Frequently criticizing your partner or being criticized by them can put any marriage on the rocks. Unfortunately, many of the clients we work with at Family Strategies Counseling & Mediation mention that they have an overly critical partner. Criticism fails because it makes both parties feel devalued.
What Being Overly Critical Does to a Relationship
People use criticism to change or control someone else’s behavior. This form of communication is easy because it’s quick and direct; however, it damages the relationship in the long term. Criticism is most destructive when it:
- About a personality or character, rather than a behavior
- Filled with blame
- Not focused on improvement
- Based on only one “right way” to do things
Often criticism starts relatively harmlessly in a relationship and escalates over time. The escalation can trigger the downward spiral of resentment. The criticized person feels controlled, which causes them to pull away and shut down. The critical partner feels frustrated and steps up the criticism, creating a vicious cycle.
Give Feedback Rather than Criticism
Critical people often believe that they are merely giving others helpful feedback. However, there are key differences between feedback and criticism.
- Criticism devalues: I guess you’re not smart enough to do this.
- Feedback encourages: I know you are dealing with a lot, but I know we can do this together.
- Criticism is coercive: You’re going to do it my way or else I … (will punish you in some way).
- Feedback is not coercive: I know we can find a solution together.
Feedback falls into one of four categories:
Positive General Feedback
Feedback like this is abstract, and although it makes us feel good, it is usually not very constructive. An example of positive general feedback would be “You’re a good person.” Positive general feedback does not refer to how someone is a good person, just that they are. Feedback like this can even be harmful because it places people into boxes, in which they might fear doing anything that might make them seem like not a good person.
Positive Specific Feedback
Positive Specific Feedback is a more valuable way to encourage certain behaviors. An example might be, “You handled that situation really well.” Positive specific feedback points to a behavior rather than an abstract or vague character trait. Also, there is no expectation that the other person behaves like this all the time.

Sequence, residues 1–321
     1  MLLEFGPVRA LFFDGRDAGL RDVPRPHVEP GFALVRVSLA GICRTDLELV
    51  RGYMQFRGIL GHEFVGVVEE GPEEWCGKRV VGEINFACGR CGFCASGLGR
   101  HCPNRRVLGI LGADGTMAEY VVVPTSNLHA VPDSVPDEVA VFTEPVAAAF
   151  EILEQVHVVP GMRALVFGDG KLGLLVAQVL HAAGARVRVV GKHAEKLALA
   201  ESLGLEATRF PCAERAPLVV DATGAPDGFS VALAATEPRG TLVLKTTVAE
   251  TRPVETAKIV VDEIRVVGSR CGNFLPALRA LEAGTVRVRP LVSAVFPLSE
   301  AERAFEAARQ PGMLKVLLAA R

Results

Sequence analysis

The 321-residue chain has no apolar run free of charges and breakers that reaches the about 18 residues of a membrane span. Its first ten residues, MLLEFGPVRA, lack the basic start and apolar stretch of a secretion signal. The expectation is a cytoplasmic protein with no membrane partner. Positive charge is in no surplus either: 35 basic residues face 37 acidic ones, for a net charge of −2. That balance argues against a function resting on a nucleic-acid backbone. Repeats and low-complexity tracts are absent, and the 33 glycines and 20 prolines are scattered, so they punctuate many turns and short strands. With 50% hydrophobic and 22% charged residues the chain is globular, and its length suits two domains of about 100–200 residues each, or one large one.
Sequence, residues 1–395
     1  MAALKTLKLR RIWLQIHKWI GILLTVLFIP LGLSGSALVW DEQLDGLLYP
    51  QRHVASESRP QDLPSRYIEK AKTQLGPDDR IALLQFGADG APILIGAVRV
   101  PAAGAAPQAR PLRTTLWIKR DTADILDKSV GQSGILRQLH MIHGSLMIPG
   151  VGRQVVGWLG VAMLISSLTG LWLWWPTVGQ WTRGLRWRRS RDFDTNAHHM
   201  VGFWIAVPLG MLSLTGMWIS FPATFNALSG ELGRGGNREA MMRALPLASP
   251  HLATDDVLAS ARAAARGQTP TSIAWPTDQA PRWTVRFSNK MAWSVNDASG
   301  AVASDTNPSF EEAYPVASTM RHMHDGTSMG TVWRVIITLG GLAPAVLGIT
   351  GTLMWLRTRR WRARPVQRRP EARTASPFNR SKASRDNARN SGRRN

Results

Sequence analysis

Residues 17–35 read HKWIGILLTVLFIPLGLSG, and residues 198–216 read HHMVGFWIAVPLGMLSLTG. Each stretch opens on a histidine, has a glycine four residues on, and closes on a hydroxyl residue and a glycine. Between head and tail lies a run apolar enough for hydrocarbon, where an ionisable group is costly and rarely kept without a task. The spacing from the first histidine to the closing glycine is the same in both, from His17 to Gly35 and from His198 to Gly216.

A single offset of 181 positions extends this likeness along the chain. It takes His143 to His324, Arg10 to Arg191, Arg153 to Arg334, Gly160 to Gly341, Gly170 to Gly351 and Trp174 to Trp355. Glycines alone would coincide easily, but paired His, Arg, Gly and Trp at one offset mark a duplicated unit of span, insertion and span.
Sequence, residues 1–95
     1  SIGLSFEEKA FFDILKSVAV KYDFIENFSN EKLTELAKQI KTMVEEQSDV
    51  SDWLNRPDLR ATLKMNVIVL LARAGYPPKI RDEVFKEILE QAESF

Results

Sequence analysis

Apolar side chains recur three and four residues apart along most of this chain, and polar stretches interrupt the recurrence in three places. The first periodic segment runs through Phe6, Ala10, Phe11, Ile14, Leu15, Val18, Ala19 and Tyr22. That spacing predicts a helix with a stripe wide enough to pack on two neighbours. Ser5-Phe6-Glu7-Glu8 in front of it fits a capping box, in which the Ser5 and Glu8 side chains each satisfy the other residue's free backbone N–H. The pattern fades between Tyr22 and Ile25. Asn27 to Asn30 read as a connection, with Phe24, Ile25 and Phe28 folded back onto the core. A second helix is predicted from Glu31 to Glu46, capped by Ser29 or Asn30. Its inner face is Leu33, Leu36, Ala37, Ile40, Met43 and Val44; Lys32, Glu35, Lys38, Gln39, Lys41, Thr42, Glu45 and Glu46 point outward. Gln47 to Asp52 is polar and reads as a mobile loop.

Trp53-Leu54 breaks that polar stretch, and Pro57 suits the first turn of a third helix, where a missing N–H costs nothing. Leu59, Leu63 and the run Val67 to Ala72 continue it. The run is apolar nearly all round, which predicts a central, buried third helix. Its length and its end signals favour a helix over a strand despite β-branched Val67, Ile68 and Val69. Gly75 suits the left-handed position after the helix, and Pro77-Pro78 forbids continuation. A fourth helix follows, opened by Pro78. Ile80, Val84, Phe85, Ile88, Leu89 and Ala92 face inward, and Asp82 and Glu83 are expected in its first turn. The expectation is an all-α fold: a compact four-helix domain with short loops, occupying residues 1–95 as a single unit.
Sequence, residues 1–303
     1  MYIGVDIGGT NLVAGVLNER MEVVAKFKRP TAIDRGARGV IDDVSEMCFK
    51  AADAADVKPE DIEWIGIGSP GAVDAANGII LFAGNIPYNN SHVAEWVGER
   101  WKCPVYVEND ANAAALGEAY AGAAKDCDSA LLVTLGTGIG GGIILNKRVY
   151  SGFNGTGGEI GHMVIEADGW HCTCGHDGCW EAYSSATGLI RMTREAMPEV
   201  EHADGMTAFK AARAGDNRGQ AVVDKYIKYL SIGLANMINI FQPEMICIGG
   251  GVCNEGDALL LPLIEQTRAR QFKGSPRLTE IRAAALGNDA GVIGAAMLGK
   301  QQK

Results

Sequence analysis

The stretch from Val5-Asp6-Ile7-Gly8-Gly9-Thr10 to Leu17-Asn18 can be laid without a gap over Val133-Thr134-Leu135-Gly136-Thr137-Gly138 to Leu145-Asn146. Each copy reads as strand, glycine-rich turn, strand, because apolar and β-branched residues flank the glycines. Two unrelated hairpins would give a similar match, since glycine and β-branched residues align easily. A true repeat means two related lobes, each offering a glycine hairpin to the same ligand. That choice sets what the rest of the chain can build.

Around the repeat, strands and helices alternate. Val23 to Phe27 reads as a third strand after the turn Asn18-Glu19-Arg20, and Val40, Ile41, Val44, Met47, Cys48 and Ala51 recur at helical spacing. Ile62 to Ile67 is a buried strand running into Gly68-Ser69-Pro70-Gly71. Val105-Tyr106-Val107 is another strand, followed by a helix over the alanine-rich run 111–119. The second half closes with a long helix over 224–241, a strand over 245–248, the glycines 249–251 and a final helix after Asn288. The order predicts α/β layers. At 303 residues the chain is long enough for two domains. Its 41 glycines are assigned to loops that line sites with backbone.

Negative General Feedback
Negative General Feedback is the least constructive form of feedback. It does not offer specific behaviors that can be changed and only serves to invalidate the other person. An example of general negative feedback might be, “You’re being terrible.”
Negative Specific Feedback
Negative Specific Feedback is most useful when trying to change behavior. This kind of feedback indicates something you do not want to continue and explicitly names it.
Change Takes Time and Practice
If you and your partner have fallen into a cycle of criticism, it can be challenging to break because even feedback can feel like criticism if you are accustomed to it. Working to control your emotional reaction to your partner can help you form better communication patterns. With time and practice, you will learn to overcome the cycle of criticism that breeds resentment.
Having an overly critical partner weighs down a relationship and can lead to its untimely end if not kept in check. Too much criticism in a relationship is damaging because it is not focused on improvement. Learning to offer feedback instead is key because feedback values your partner, while criticism devalues them. Practicing the different kinds of feedback will help you develop better communication patterns. If you feel like you can’t learn to do this on your own, consider seeking a counselor who can help.
Family Strategies Counseling & Mediation is a therapy office serving the Chicagoland Area. We offer couples counseling and mental health services. Our therapists are skilled at working with those who are struggling to process traumatic events. Give our office a call at (708) 798-5433 or email us a info@Family-Strategy.com for appointment details.